Bloomberg Anywhere Login


Connecting decision makers to a dynamic network of information, people and ideas, Bloomberg quickly and accurately delivers business and financial information, news and insight around the world.


Financial Products

Enterprise Products


Customer Support

  • Americas

    +1 212 318 2000

  • Europe, Middle East, & Africa

    +44 20 7330 7500

  • Asia Pacific

    +65 6212 1000


Industry Products

Media Services

Follow Us

NPS Pharmaceuticals Hormone-Replacement Drug Works in Study

Nov. 7 (Bloomberg) -- NPS Pharmaceuticals Inc., the maker of rare-disease drugs, said its hormone-replacement therapy for a condition that stops the body from properly processing calcium and phosphorus reduced the need for other medicines.

NPS will submit the treatment, NPSP558, for regulatory approval next year, the Bedminster, New Jersey-based company said in a statement today. The drug would be the first hormone-replacement therapy approved by the U.S. Food and Drug Administration to treat the disorder, the company said.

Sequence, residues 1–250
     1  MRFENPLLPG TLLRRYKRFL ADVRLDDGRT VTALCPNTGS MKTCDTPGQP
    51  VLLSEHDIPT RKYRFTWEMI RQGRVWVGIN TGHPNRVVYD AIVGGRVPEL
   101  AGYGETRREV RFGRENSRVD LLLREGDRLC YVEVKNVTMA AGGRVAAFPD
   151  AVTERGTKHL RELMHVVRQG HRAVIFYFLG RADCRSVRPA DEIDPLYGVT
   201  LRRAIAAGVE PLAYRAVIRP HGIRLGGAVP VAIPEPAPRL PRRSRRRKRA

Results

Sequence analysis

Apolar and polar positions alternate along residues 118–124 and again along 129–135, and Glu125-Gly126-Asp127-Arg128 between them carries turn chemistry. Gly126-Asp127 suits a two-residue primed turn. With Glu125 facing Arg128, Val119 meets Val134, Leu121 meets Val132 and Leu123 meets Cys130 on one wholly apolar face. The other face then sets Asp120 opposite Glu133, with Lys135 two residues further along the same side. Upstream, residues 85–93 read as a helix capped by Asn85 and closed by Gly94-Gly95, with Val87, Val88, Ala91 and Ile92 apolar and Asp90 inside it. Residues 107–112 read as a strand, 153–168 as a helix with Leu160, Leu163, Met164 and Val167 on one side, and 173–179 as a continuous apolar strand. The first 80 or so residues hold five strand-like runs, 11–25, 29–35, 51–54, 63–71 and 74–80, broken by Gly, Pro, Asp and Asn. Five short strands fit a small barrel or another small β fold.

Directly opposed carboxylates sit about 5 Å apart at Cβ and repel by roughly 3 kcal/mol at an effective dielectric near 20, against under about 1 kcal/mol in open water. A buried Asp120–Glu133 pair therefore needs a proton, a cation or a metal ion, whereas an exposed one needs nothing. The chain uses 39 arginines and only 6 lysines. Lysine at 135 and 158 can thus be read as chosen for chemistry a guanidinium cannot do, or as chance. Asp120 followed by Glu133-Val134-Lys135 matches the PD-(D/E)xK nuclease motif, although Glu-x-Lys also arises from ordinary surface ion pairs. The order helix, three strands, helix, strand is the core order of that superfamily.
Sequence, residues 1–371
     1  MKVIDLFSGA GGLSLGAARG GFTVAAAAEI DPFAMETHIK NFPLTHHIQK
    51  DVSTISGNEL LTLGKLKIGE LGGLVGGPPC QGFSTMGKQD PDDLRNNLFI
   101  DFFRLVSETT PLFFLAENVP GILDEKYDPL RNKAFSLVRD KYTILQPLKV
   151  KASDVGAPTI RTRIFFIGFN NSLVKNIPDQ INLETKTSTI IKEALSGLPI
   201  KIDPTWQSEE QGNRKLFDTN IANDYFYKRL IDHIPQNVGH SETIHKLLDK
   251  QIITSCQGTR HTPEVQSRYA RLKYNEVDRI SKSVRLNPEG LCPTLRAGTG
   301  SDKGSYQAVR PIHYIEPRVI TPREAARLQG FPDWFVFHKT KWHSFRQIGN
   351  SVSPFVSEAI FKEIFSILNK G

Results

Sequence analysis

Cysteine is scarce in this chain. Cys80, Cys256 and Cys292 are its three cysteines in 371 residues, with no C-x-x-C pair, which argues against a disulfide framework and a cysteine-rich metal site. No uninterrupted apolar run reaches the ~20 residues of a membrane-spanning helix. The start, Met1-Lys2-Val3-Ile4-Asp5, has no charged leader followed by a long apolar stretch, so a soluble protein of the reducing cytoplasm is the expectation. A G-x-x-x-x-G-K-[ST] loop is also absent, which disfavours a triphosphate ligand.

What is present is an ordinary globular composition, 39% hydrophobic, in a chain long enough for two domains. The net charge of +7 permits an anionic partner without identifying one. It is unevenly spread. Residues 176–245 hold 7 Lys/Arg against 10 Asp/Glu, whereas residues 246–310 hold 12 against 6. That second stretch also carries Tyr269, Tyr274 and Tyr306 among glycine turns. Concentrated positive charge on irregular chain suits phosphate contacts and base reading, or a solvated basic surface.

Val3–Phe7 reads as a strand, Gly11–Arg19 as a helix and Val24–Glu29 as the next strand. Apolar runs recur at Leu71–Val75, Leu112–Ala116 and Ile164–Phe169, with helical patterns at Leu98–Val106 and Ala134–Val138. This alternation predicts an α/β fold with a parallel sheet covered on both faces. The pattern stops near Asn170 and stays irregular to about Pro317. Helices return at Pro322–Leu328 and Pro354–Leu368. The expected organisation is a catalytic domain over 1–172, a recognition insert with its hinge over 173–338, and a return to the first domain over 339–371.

The disease, called adult hypoparathyroidism, affects about 65,000 U.S. patients, the company said. People have to take large quantities of supplements to counteract the disorder, which can lead to burning and numbness in the hands, excessive nervousness, loss of memory and cramping, according to the Hypoparathyroidism Association Web site. NPS’s drug is a bioengineered replica of the missing hormone.

The results “bring us one step closer to our goal of providing hypoparathyroidism patients with a much-needed replacement therapy,” said Francois Nader, president and chief executive officer of NPS, in the statement.

NPS fell 22 cents, or 3.9 percent, to $5.39 at 4 p.m. New York time.

In the third of three clinical trials generally required for regulatory approval, 53 percent of the 90 patients taking NPSP558 were able to reduce the oral calcium supplements and active vitamin D therapy by at least 50 percent, compared with 2 percent of the 44 patients in a placebo group. The results met the study’s main goal.

To contact the reporter on this story: Ryan Flinn in San Francisco at

To contact the editor responsible for this story: Reg Gale at

Please upgrade your Browser

Your browser is out-of-date. Please download one of these excellent browsers:

Chrome, Firefox, Safari, Opera or Internet Explorer.